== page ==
Funny-Ass Facts for Gummies: The Saga Continues

Updated: a day ago

My boy, Brian "Box" Brown, has provided a nice little evaluation of the situation with 710Labs. I must say, I was a bit shocked by the blow-back on the 710Labs article. I thought more people were aware of how producers do things, not much different than any culinary establishment who makes their soups from the leftover entrées and ingredients from the kitchen.


Making ice water hash is systematic, with each mesh screen getting finer and finer, until nothing but clean water pours out of the bottom. There are naturally several grades of hash that are pulled, with a few mesh filter bags becoming "food-grade" hash. There's a valid reason why hash outside the 75-150u sizes is considered "food-grade" and it has nothing to do with me or my vocabulary.


Brian "Box" Brown handled the situation well by articulating the factual find and legitimate resource of California State Lab testing. It was not "my test", as I heard numerous times. The Lab testing is the standard state B.C.C. (Bureau of Cannabis Control) testing that is required for every product that hits the shelves.


Every dispensary is mandated to have copies of these lab tests, otherwise known as C.O.A.'s (Certificate of Analysis). The test was on record at my local dispensary, just as they are everywhere in legal California cannabis stores.


In fact, back in 2017 when this all started, I remember being able to look up the exact terpene and cannabinoid profile for every last gram of @rawgarden I smoked. This area of transparency, designed to protect the consumer, seems to have fallen out of popularity as the market moves on.



I've written on several of the topics in this comic and if you want to read more about C.R.C. (color remediation column) used in many BHO labs, that link is right here.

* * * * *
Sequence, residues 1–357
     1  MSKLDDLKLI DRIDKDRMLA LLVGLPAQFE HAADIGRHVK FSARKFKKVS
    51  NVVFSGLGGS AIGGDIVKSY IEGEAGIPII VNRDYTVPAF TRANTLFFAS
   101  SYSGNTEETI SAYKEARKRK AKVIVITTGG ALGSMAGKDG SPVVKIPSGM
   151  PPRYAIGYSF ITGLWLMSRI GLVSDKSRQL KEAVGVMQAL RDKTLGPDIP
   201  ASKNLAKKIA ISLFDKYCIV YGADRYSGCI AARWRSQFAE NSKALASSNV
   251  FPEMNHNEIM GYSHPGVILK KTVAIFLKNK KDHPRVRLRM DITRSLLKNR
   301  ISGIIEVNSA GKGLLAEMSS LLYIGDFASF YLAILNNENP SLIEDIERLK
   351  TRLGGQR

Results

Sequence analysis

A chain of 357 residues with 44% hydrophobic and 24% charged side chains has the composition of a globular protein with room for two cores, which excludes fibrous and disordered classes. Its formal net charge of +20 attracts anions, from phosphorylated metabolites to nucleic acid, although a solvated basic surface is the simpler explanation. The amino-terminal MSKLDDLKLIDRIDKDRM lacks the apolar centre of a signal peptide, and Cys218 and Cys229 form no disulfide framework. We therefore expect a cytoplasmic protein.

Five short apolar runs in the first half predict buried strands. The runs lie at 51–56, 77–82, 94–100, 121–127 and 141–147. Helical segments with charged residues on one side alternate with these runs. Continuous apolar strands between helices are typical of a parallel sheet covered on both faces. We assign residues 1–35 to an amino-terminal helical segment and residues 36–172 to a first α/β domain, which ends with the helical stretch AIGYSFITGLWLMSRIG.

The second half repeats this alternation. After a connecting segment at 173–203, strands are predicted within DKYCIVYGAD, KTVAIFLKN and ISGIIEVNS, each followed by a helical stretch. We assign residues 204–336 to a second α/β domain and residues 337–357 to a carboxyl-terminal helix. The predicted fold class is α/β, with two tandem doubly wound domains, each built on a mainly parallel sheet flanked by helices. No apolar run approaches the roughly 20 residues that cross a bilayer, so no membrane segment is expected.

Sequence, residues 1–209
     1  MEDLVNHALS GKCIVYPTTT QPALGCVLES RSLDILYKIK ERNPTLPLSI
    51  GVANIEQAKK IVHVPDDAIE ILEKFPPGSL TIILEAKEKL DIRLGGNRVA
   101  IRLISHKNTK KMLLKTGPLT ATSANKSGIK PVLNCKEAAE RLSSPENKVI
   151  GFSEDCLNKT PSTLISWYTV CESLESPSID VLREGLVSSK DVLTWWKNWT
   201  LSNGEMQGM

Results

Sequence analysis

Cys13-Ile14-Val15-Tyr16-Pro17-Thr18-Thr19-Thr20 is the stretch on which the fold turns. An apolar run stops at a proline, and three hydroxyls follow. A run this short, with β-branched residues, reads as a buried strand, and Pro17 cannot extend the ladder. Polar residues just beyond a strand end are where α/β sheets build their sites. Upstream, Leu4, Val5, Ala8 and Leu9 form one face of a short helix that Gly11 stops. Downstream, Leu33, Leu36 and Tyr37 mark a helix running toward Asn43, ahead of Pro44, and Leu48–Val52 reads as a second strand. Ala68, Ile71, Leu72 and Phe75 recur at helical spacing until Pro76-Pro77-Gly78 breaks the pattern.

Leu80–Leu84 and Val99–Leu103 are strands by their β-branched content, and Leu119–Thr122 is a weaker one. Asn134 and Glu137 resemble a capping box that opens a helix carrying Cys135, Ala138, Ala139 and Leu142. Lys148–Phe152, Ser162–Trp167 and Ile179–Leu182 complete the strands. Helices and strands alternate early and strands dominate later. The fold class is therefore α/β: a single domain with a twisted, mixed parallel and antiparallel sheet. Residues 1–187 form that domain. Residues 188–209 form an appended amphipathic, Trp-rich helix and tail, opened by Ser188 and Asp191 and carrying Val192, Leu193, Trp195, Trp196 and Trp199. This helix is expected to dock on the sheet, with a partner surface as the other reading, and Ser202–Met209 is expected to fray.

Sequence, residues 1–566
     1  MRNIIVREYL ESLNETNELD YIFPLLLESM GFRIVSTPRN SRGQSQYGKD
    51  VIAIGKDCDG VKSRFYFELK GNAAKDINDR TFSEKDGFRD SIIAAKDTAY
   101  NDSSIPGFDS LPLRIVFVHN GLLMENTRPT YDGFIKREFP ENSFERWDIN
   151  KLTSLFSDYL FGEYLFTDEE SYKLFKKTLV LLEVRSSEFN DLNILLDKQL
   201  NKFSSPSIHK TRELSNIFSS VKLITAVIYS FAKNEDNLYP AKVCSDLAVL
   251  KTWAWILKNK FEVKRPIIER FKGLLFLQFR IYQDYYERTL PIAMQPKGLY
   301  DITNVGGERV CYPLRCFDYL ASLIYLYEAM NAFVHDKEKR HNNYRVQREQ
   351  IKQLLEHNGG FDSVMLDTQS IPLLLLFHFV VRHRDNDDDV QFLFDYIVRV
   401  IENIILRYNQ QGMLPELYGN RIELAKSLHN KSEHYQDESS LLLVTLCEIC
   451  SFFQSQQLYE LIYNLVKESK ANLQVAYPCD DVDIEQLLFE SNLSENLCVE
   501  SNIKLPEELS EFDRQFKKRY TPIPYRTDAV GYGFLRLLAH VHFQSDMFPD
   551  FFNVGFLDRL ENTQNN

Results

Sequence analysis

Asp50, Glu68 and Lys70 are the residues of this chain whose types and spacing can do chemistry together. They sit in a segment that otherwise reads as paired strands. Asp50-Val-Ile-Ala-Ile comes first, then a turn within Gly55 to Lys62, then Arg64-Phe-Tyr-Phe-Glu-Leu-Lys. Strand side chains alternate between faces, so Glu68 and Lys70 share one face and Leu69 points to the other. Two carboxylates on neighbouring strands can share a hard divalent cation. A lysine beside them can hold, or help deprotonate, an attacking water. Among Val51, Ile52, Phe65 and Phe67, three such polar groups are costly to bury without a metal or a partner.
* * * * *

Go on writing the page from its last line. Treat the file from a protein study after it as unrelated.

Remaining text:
State testing in California is more concerned with what is not in the product than they are in letting consumers know what remains within the product. It's understandable for safety reasons to test for things like mold and pesticides, but it tells us literally nothing about the product itself. Other than a quick scan of cannabinoids present, nothing else is shown for edibles.


If my article on 710 Labs showed nothing else, the cut-off points, a.k.a. the L.O.Q. and L.O.D.'s are missing the mark. The Limit of Quantitation is the smallest unit that is given or reported numerically in the results and Limit of Detection is the minimum range that will register as detected. In the case of the 710 Labs gummies, the Limit of Quantitation is 0.1 , but the Limit of Detection is set plenty low at 0.0333 mg. What this means is that any of the cannabinoids being tested for containing at least 0.0333 shows up on the tests. However, a cannabinoid content under 0.1 but over the limit of detection 0.0333, will read as <LOQ. Common sense would seem to say that anything under 0.0333 holds little value, but the limit of quantitation needs to be lowered in order to decipher an exact amount. If there isn't a minimum of one tenth of a milligram or more we won't see specific results. Yet let me remind you again, anything over 0.0333 was tested for, it was detectable, and shown in these original C.O.A. tests.



When something is rendering tests down to 0.0333, I'd say that's getting ridiculous. Possibly the L.O.Q., which is naturally greater than the L.O.D., may have been intended as a bare minimum amount that will have any sort of effect on the consumer at one tenth of a milligram. That would make sense to set a minimum effective range instead of deciphering one millionths of a milligram, however the L.O.Q. should be the same number as the LOD. That way we will get specific results for anything testing with at least 0.0333 of one milligram inside.


As of now California does not require terpene testing for edibles and tests for other products are not mandated and do not appear on packaging. There are a few exceptions with producers electing to print cannabinoid and terpene ratios on the outside of their packaging. This is one thing that I highly commend Cali Stripe Extracts for doing. Hopefully others will elect to supply this information to consumers. With numerous solventless brands coming out left and right, something like transparency in product profiles can help some over the hump.


The whole situation is strange, taking a plant criminalized for so long and now trying to squeeze it into set parameters, testings, and regulations the plant often refuses. Things will improve, but only if we the consumer continue to justly criticize constructively. Now if only producers could handle the criticism appropriately....






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